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Inviting U.M.C. Churches/Pastors w Differing Perceptions of Disaffiliation to Holy Conversations©

Updated: Feb 15, 2023

. My primary concern in writing this blog is to encourage and invite dialogue with pastors and churches who take strong stands choosing to remain United Methodist and those who have already disaffiliated or are considering disaffiliation.

In these seasons of pruning, may God's redemptive Spirit break baptismal waters breathing new creation releasing tears transforming groaning lament into fresh expressions of grace enabling all of us to fulfill The Great Commission more faithfully and fruitfully.

While holy conversations among persons with differing perceptions continue to occur, these conversations tend not to receive as much attention.

This is an invitation to continue holy conversations in the name of continuing to love one another and recognize no matter what name we may choose, we are still the One Body of Christ. We share the same Holy Father. We are connected to the One Vine, Jesus, the Christ, who makes us one with the triune God.

. One of the reasons I share this reflection is because I am aware of many pastors and laity who express anguish, perplexity, and confusion concerning disaffiliation and the splintering of The United Methodist Church. While many churches and some pastors remain firm in their decisions, some still search for clearness.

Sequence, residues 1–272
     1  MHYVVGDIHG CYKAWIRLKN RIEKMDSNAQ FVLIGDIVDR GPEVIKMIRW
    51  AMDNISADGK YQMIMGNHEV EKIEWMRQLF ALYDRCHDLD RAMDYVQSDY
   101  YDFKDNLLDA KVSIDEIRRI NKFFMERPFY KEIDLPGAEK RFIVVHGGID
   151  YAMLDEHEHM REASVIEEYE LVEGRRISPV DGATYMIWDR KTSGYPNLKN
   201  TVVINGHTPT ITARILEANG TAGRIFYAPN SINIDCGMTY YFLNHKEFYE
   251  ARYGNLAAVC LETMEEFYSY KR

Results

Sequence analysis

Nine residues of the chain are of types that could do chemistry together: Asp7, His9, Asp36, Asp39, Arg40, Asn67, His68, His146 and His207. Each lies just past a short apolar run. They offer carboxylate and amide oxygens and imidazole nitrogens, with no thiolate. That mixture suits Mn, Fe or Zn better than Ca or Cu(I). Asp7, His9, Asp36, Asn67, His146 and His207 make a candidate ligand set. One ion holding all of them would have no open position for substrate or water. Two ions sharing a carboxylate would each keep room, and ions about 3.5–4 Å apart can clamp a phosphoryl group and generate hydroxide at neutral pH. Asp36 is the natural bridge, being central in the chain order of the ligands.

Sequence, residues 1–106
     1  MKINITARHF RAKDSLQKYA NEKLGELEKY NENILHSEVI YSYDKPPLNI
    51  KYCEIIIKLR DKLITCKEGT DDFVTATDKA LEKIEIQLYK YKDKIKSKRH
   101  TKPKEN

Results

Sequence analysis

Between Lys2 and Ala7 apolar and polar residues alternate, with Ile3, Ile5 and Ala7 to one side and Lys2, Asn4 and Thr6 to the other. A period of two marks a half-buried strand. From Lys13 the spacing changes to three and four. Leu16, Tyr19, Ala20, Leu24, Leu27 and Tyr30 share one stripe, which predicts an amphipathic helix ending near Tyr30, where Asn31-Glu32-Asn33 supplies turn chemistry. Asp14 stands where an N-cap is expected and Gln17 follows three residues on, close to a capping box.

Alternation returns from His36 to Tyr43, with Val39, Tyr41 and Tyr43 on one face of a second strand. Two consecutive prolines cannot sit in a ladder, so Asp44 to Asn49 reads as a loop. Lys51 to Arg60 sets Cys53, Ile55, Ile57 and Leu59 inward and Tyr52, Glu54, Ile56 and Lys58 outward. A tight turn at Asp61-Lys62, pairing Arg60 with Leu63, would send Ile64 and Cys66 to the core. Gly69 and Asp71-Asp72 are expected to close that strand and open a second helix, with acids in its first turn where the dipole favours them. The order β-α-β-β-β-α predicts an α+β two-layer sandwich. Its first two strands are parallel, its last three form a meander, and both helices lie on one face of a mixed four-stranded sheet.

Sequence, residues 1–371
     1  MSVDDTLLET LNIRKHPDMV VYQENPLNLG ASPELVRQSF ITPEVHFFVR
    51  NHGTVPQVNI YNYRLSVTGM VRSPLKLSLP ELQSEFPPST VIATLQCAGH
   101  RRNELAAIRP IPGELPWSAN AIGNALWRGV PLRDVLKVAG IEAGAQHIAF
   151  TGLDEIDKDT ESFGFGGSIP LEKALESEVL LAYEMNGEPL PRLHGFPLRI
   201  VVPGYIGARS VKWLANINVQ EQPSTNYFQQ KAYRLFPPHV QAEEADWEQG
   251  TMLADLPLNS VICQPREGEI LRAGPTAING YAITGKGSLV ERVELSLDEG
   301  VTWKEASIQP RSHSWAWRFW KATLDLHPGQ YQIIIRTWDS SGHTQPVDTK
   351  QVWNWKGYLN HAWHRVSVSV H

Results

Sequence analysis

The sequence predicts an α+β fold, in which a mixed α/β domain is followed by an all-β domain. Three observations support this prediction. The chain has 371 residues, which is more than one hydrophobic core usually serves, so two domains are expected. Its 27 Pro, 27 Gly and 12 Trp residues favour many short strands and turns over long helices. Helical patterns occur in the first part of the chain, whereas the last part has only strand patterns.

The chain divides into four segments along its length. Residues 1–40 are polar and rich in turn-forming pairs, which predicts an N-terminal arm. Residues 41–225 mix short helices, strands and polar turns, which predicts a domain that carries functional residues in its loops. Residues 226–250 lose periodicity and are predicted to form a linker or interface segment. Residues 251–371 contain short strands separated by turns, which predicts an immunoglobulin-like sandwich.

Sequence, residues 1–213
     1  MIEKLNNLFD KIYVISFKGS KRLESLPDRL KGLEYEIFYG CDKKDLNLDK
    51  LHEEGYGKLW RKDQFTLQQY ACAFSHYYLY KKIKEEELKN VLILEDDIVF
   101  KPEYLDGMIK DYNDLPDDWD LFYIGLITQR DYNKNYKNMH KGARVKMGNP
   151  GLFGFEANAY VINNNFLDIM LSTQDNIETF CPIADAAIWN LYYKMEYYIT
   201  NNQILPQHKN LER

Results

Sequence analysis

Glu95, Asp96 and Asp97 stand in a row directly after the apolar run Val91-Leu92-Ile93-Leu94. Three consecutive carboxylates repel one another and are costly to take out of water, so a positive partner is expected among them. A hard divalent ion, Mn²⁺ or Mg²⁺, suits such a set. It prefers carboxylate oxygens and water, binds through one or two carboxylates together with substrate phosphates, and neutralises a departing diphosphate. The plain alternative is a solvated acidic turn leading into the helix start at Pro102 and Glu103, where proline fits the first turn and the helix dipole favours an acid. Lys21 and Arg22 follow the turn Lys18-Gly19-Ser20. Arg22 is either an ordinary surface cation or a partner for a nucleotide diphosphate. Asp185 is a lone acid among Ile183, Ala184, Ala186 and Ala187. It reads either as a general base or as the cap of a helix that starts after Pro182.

Of course, I'm also aware of churches, lay persons, and pastors who don't know what they will choose to do and have decided to wait until General Conference which occurs in Charlotte in May of 2024. They realize it makes little sense to rush to make a decision. Likewise, they claim, "There's no need to take a vote. A vote will distract us from our mission. We agree on Jesus as a church and recognize there are many opinions on a variety of issues. We are focusing our energy and resources on our mission, The Great Commission, our vision, and ministry strategies to fulfill The Great Commission."